Automotive Systems

Formerly Automotive Systems I

automech02.jpg (42077 bytes)

shpslogo.jpg (6992 bytes)

LegalContact Us

Valve Guides

Valve Guides

The valve guides are the parts that support the valves in the cylinder head. They are machined to fit a few thousandths of an inch clearance with a valve stem, This close clearance is important for the following reasons:

  • It keeps lubricating oil from getting sucked into the combustion chamber past the intake valve stem during the intake stroke.
  • It keeps exhaust gases from getting into the crankcase area past the exhaust valve stem during the exhaust stroke.
  • It keeps the valve face in perfect alignment with the valve seat.

Valve guides may be cast integrally with the head, or they may be removable (fig. 3-52). Removable guides are press-fit into the cylinder head.

Valve Springs, Retainers, Seals, and Valve Rotators
The valve assembly is completed by the spring, the retainer, the seal, and the valve rotator (fig. 3-53). The spring, which keeps the valve in a normally closed position, is basically the same for all engines; however, the number and types of coils can vary. Most valves have only one spring, but, in some cases, there may be two—an inner spring and an outer spring. The second spring increases the pressure holding the valve closed. Low-spring tension can cause valve float (spring too weak to close the valve at high rpm).

A valve retainer and keepers lock the valve spring on the valve. The retainer is a specially shaped washer that fits over the top of the valve spring. The keepers, or locks, fit into the valve stem grooves, holding the retainer and spring in place.

The seal keeps the valve operating mechanism oil from running down the valve stem and into the combustion chamber. Valve seals come in two basic types—umbrella and O ring. Both are common on modern engines. The umbrella valve seal is shaped like a cup and can be made of neoprene plastic or rubber. An umbrella valve seal slides down over the valve stem before the spring and retainer. It covers the small clearance between the valve stem and guide. The O ring is a small, round seal that fits into an extra groove cut into the valve stem. It fits on the valve stem after the spring and retainer. Unlike the umbrella type, it seals the gap between the retainer and the valve stem, not the guide and stem. It stops oil from flowing through the retainer down the stem and into the guide.

A valve rotator (fig. 3-54) turns the valve to prevent a carbon buildup and hot spots on the valve face. There are two types of retainers—the release type and the positive type. The release type of rotator releases the spring tension from the valve while open; this allows the valve to rotate from engine vibration The positive rotator is a two-piece valve retainer with a flexible washer between the two pieces. A series of balls between the retainer pieces roll on machined ramps, as pressure is applied and released from the opening and closing of the valve. The movement of the balls up and down the ramps translates into rotations of the valve.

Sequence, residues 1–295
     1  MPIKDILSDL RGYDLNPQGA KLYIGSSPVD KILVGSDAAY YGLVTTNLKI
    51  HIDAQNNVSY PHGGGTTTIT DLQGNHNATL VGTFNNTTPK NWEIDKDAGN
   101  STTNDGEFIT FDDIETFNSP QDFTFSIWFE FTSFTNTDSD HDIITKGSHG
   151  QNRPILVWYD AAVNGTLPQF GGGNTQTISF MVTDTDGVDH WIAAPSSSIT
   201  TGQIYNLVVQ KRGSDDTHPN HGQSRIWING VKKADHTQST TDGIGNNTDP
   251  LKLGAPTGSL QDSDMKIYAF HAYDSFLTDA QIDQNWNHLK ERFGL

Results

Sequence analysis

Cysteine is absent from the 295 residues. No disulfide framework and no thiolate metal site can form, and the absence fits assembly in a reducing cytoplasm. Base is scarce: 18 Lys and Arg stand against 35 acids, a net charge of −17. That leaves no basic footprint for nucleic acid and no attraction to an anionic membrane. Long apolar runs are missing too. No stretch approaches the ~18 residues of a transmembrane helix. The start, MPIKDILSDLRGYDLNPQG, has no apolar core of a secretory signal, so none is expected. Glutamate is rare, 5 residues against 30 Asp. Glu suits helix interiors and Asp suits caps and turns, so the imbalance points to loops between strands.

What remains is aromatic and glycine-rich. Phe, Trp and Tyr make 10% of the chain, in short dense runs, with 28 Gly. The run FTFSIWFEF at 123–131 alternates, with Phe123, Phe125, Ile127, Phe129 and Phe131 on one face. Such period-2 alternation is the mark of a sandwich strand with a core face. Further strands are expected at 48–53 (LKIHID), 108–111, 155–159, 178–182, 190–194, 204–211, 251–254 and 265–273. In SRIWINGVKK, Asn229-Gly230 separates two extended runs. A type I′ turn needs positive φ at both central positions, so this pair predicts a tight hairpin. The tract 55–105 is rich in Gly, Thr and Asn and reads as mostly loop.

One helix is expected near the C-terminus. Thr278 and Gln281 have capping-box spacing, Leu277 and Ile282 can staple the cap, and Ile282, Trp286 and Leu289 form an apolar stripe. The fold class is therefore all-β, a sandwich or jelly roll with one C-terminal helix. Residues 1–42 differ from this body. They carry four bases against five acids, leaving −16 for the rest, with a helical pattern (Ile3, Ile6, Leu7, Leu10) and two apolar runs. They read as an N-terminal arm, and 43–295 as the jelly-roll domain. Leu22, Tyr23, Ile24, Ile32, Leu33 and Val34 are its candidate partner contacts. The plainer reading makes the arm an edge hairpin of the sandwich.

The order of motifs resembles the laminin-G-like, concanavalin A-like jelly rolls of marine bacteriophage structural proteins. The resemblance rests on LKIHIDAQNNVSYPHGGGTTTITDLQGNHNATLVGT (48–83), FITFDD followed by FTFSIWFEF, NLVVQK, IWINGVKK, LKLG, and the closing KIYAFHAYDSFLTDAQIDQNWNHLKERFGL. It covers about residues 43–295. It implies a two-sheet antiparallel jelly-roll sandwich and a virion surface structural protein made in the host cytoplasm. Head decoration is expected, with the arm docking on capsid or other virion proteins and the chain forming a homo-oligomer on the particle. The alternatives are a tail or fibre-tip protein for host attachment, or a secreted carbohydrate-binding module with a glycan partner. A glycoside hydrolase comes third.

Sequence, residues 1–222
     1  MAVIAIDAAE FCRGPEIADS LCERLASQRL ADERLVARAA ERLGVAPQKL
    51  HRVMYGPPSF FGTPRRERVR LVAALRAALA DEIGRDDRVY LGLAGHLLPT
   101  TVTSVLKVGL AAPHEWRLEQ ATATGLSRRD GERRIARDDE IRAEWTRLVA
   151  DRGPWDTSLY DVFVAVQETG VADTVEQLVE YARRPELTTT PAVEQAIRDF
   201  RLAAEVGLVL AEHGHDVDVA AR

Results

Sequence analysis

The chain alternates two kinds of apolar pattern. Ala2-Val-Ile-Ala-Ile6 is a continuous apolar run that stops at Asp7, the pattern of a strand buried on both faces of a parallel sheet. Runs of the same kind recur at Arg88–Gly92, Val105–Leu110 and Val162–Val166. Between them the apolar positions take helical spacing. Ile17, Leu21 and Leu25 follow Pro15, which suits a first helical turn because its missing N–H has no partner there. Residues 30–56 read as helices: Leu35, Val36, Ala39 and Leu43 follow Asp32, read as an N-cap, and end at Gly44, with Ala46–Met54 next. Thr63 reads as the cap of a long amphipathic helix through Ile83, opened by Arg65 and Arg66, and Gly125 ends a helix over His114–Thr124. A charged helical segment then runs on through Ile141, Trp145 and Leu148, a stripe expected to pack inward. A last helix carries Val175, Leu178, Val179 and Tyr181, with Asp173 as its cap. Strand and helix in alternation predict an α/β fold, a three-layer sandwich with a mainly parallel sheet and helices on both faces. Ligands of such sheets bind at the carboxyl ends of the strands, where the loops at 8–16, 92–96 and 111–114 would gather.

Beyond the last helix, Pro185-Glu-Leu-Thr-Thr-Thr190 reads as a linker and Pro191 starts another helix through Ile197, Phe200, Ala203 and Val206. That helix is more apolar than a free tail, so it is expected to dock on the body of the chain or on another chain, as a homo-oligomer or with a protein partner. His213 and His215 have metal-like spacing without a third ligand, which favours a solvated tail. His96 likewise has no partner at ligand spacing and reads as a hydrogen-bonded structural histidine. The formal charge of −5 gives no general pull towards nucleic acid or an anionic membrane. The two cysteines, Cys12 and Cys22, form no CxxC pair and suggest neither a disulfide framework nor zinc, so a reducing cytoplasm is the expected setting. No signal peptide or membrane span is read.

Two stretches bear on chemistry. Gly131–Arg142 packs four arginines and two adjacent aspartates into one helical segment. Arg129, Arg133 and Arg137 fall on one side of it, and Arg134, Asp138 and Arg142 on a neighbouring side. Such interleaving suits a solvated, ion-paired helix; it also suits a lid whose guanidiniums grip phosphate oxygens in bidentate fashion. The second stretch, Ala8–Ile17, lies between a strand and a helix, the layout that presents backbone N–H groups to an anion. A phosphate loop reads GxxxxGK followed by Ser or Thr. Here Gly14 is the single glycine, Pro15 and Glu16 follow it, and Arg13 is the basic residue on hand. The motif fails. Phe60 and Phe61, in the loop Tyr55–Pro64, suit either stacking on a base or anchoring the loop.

Reconditioning Valves
Valve reconditioning includes grinding valves and valve seats, adjusting valve tappet clearances, installing new valve seat inserts, and timing the valves. Together, these operations constitute the valve service necessary for smooth engine performance and maximum power output.

To recondition valves and valve seats, first remove the cylinder head from the engine. Once the cylinder head is off, remove the carbon from the head, the cylinder block, and the pistons. In cleaning the top of the piston, you must exercise care to prevent gouging and scratching, as rough spots collect carbon readily and lead to preignition and detonation during operation.Remove the valves using a valve spring compressor. Next, clean the valves with a wire brush or buffing wheel (fig. 3-55). When the buffing wheel is being used, make sure you wear proper eye protection to prevent wire and other foreign matter from flying into your eyes.

Be careful not to interchange the valves. Bach valve must be replaced in the same valve port from which it was removed. The valve stem moving up and down in the valve guide develops a wear pattern. And, if the valves are interchanged, a new wear pattern is developed. This causes excessive wear on the valve stem and guide.

To eliminate confusion, you should devise a system to identify a valve with the cylinder from which it was taken. The most common way to identify valves is to place them on a piece of board with holes drilled and numbered to correspond with the cylinder each valve came from. The next step is to resurface the valve face. This is done by using a valve grinding or refacing machine.